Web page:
Also, a few months before we left for France I received a charming email from someone called Wies de Jong. She indicated that she had been searching the Internet for a barge called Linquenda, previously owned by her father, and that she was sure that "our" Linquenda was the one which her father had been compelled to sell when she was born. After a few further emails and photos we agreed that this was indeed the case. She was keen to surprise her father with a visit to the barge and asked when we would be available. We agreed that we could meet on the long weekend somewhere close to Chalon-sur-Saone. Although the visit was supposed to be a surprise, her father had come across an exchange of emails she had had with her mother on the matter and he was now rearing to go. They would drive down from the Netherlands for the weekend and meet us somewhere within reach of Chalon-sur-Saone.
Michael and Rosemary indicated that they were intending to cruise up to St Jean de Losne to be there for the H2O open day on 14, 15 June and we agreed to travel together. We departed late the next morning on a short and pleasant cruise up to the old Gigny lock where I had heard that there was mooring and a good restaurant and here Michael returned the favour of paying for the meal that evening and reminding me the ball was again in my court. The next morning we took off early on the rather long stretch up to Chalon-sur-Saone with some trepidation as in our previous experience Chalon was not very accommodating for boats of our size and we would have to green-bank moor near the entry to the marina, a task not easily accomplished without help on the bank and particularly in other than complete calm conditions. 

Gigny lock

Our cruise to Chalon-sur-Saone went smoothly, but when we arrived there early Friday afternoon the weather had turned cold , blustery and wet. Although I tried valiantly to slowly approach the appointed bank a nasty following breeze that made that mooring seriously imprudent if not simply impossible. Michael and I consulted and we decided to proceed to our next planned mooring at Fragnes on the Canal du Centre, only about 10 kms further. This was undertaken with no problem and after turning off the Saone and through the first lock we found ourselves on the most peaceful and beautiful stretch of canal imaginable. We found a good mooring at Fragnes and awaited the visit of our Dutch guests, the de Jongs, at five 'o clock, whom we had informed by telephone of our destination.


Cosmopolitan France

Entrance to Canal du Centre showing relics of days gone by

First lock to Canal du Centre

tranquil Canal du Centre

The visit by the de Jongs was a happy occasion, we drank bubbly to celebrate Linquenda's centenary and Henk went down memory lane, recognising various things he had made when he was still a young medical doctor living aboard. He had for example, created a mast for Linquenda from a tree that he had bought and made up, by hand,  the enormous wooden leeboards in a friend's basement in Amsterdam. He and his son went on a complete an intensely focused tour, including the engine room, where he pointed out the changes he had made and recognised aspects of the boat he had forgotten. They are a charming, warm and close-knit family of five with dad Henk, mom Yole  and son Bos and two daughters Wies and Julie and we thoroughly enjoyed their visit. We also found Henk’s album of old photos and stories of how they had lived and worked on board fascinating. I was able to scan a number of interesting pictures from his album and gave him a CD I had prepared of numerous photos of our restoration project.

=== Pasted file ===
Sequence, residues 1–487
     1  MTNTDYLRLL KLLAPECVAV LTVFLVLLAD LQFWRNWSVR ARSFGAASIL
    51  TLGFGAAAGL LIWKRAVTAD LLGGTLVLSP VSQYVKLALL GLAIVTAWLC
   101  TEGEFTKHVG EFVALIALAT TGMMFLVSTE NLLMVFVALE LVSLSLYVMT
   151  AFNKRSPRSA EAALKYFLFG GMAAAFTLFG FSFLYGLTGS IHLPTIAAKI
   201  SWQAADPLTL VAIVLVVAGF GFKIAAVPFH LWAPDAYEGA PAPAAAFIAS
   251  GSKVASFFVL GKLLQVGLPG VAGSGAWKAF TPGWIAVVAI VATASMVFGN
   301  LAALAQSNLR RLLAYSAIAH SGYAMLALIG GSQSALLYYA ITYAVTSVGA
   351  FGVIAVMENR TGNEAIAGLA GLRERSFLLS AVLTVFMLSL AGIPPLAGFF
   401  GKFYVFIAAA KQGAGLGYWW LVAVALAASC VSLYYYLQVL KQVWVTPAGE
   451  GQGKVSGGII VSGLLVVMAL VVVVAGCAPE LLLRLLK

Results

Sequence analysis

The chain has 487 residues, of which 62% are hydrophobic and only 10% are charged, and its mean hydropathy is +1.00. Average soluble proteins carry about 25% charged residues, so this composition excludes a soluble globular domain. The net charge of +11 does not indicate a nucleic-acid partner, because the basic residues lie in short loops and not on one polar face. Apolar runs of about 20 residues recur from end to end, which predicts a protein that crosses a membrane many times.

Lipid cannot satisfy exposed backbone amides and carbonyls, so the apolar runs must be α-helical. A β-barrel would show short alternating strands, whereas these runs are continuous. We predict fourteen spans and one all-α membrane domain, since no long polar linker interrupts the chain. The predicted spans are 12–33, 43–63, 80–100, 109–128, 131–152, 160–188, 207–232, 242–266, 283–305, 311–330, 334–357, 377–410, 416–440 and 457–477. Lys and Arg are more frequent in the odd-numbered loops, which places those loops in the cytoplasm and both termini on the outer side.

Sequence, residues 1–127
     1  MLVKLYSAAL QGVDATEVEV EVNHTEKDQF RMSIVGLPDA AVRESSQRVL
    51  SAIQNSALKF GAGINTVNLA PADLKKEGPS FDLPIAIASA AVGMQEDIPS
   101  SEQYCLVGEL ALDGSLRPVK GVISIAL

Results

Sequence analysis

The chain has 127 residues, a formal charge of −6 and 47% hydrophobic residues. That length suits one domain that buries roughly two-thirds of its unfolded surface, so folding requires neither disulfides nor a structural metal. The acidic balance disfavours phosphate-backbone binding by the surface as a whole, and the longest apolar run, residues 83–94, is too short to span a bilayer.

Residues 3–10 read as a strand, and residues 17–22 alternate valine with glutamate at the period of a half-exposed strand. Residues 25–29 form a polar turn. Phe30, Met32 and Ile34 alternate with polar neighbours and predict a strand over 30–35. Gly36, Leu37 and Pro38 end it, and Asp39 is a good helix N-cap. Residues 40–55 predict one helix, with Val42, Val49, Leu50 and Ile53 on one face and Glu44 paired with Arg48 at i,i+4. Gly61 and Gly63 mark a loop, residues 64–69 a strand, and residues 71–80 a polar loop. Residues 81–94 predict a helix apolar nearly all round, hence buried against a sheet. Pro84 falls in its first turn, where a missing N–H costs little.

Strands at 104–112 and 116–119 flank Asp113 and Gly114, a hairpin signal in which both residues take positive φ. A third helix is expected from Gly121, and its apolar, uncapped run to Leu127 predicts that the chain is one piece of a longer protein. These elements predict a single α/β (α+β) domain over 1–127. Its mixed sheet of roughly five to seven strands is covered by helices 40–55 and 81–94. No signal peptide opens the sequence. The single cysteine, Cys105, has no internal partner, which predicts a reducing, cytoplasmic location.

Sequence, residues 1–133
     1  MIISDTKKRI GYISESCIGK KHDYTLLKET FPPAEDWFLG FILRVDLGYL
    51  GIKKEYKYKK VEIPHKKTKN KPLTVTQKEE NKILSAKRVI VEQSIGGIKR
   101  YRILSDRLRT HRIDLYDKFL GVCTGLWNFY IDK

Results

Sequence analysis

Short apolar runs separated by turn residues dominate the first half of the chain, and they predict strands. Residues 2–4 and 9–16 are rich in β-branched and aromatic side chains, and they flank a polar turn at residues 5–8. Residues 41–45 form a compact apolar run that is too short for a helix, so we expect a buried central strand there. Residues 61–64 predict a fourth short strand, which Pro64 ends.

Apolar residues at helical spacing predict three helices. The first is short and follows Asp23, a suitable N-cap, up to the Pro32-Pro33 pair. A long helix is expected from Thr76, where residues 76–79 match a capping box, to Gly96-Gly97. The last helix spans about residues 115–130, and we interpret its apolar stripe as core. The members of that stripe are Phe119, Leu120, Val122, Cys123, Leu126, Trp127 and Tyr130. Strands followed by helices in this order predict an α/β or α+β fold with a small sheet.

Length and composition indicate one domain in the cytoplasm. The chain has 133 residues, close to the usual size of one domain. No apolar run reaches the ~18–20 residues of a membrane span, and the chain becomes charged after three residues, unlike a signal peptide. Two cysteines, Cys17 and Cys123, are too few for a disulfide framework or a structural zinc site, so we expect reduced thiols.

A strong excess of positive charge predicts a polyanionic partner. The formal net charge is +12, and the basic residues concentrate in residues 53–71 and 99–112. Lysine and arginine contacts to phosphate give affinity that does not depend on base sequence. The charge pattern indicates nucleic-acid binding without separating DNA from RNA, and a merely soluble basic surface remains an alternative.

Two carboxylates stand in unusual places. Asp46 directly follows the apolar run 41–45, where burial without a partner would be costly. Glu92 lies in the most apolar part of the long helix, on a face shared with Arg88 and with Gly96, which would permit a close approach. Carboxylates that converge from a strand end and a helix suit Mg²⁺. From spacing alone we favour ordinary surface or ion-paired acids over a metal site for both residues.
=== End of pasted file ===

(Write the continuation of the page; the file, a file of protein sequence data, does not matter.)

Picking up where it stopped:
Attie, Julie, Wies, Bos, Yole and Henk de Jong

Linquenda's previous life!
The weekend we spent cruising up the Canal du Centre with our Geneva friends on board after they arrived on Saturday afternoon. We had intended to cruise up to Chagny for the night, but due to our late start and leisurely pace we arrived at the last of 13 locks 2 minutes past closing time and were fortunately compelled to reverse out of the lock and green-bank in the most tranquil of locations imaginable with farmland around us and no-one in sight. We made fast to stakes borrowed from Michael and hammered by Steve into the bank and made a braai on the towpath under a magnificent sunset. 

Pretty lock-keepers house

one of 13 locks negotiated to Chagny

Katherine and Steve enjoying a light moment, of which there were plenty



Backed up from the last lock and green-banked

Braai:, canal style

Braaimaster and Coco

As we have found before while barging chance will often present one with the most wonderful of vistas and opportunities. Had we arrived two minutes earlier at the lock we would have passed through and most likely moored in Chagny marina, which we found the next morning to be a most dull and ordinary place when we motored on to find a place to "faire un demi tour" turn our long barge.